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Thursday, April 5, 2012

Thailand bans Macbeth

Censors in Thailand ban "divisive" film adaptation

Shakespeare Must Die is a Thai-language adaptation of the play in which an ambitious Scottish general murders the king and kills again to hold on to his throne.  Now, Thai officials won't allow it to be screened.

The film's director, Ing Kanjanavanit, told the BBC the ban was ridiculous.

"Very few films are banned here," she said. "It is amazing they would find a poet dead 400 years such a threat."

Maybe her own words have something to do with the decision.  The report goes on to quote her saying that Thailand's people are "living in a climate of fear".

The story's themes of greed and power appear to have struck an uneasy note with officialdom.  In 2006, Thailand's Prime Minister, Thaksin Shinawatra, was removed from office by a coup, and the country has been riven with divisive views ever since.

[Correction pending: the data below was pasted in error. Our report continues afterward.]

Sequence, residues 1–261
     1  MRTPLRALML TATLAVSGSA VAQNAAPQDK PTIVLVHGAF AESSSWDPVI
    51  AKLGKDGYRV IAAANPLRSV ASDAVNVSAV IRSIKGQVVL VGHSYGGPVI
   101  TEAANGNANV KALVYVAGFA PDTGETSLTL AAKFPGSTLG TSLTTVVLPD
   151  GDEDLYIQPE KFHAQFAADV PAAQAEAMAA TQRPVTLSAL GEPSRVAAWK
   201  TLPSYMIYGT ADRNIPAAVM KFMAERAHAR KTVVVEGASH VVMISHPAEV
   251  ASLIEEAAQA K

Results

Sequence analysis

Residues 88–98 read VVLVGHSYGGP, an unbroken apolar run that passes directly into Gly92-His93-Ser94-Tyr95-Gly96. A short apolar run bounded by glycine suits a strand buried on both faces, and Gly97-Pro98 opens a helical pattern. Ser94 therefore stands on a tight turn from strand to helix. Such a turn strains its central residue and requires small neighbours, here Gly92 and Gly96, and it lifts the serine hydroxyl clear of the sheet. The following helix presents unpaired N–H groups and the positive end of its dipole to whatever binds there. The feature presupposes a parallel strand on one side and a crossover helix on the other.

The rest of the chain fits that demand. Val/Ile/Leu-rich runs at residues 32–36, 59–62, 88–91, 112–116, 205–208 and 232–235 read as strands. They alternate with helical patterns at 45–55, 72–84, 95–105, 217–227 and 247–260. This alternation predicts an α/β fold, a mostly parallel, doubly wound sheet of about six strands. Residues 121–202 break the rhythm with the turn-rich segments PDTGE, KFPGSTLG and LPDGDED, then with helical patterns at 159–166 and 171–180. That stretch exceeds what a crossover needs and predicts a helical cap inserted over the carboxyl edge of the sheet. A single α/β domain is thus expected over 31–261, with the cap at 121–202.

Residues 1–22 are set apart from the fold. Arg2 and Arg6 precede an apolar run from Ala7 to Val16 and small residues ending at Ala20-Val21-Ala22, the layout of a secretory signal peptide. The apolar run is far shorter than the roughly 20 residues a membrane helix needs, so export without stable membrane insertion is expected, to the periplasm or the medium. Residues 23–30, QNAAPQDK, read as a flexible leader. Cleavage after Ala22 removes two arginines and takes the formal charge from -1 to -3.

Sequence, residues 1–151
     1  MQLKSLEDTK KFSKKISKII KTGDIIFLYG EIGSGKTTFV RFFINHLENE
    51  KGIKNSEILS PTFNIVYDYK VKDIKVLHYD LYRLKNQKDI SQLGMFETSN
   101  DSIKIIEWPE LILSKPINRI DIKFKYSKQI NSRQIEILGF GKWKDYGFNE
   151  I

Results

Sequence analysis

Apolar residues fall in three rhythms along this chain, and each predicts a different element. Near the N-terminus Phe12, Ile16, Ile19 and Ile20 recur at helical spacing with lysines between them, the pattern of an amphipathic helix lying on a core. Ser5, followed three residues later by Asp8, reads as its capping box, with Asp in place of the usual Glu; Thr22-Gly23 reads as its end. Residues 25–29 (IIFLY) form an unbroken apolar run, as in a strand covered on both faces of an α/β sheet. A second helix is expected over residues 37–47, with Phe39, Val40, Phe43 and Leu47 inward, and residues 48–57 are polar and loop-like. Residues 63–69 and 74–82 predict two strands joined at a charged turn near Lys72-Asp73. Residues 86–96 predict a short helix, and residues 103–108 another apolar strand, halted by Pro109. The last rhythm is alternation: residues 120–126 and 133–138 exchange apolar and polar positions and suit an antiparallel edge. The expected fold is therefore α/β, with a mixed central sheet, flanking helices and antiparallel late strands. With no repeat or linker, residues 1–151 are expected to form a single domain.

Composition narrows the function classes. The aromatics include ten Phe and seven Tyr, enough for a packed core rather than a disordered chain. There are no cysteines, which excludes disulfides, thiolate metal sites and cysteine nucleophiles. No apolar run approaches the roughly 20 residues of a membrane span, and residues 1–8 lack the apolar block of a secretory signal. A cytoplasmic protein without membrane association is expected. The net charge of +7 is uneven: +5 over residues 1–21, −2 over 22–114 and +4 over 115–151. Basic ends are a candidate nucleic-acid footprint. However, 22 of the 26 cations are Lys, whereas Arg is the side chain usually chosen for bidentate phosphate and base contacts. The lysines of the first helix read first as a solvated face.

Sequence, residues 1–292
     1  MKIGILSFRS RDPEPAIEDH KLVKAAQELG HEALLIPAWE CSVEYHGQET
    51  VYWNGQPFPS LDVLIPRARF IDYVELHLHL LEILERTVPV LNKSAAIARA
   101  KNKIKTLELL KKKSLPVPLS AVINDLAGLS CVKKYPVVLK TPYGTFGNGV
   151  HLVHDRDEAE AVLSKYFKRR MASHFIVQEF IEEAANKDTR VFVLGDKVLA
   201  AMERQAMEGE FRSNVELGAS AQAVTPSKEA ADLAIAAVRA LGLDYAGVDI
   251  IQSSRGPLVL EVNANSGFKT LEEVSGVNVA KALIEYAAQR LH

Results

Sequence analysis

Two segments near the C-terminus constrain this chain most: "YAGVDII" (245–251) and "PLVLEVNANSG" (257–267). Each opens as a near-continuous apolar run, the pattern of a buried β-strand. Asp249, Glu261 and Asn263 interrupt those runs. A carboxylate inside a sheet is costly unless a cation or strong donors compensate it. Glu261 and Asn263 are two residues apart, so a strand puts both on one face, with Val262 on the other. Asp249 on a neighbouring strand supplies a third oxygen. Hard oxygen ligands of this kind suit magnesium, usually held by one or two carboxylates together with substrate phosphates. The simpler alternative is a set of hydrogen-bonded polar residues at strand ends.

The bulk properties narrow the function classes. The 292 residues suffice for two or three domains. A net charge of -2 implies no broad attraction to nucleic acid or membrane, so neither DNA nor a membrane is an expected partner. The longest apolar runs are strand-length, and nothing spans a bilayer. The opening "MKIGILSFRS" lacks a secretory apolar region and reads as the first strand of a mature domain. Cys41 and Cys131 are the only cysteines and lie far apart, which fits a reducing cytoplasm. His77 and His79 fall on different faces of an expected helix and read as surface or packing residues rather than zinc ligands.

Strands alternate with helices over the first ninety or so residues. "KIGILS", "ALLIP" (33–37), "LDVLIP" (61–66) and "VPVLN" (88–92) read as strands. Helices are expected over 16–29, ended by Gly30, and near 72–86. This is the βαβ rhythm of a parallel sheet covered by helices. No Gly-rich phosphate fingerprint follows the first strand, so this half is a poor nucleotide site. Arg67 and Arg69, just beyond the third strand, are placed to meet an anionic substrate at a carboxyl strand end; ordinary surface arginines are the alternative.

Deliberately provocative?

The film is set in a fictional country, but uses news footage of Thai political protests.

And in another device that has angered the authorities, the colour red is a prominent symbol.  While this is true to Shakespeare's text, red was also the colour used by anti-government demonstrators.

Ironically, the film was made with government funding.

1 comment:

Caron Eastgate Dann said...

The banning would be to do with regicide, which would be a sensitive topic in Thailand. The royal family, even those who have died, are revered and any expression that seems to criticise them or otherwise disrespect them is considered Lèse-majesté. An Australian writer went to jail a couple of years ago for depicting a fictional royal prince in what was judged a disrespectful way. Lèse-majesté is today used as a political tool: despite the King publicly speaking out against the law and saying he didn't agree with it, it continues. So I'm not surprised at all that this film was banned in Thailand. I know of a book publisher there who won't consider any submitted manuscripts that mention any Thai royals, living or dead. When I worked as a journalist in Thailand, anything depicting the King had to be cleared through the palace PR department. If his photo was used on a page, it had to be the highest one. This also applied to the Queen Mother (now dead), the Queen and the Crown Prince.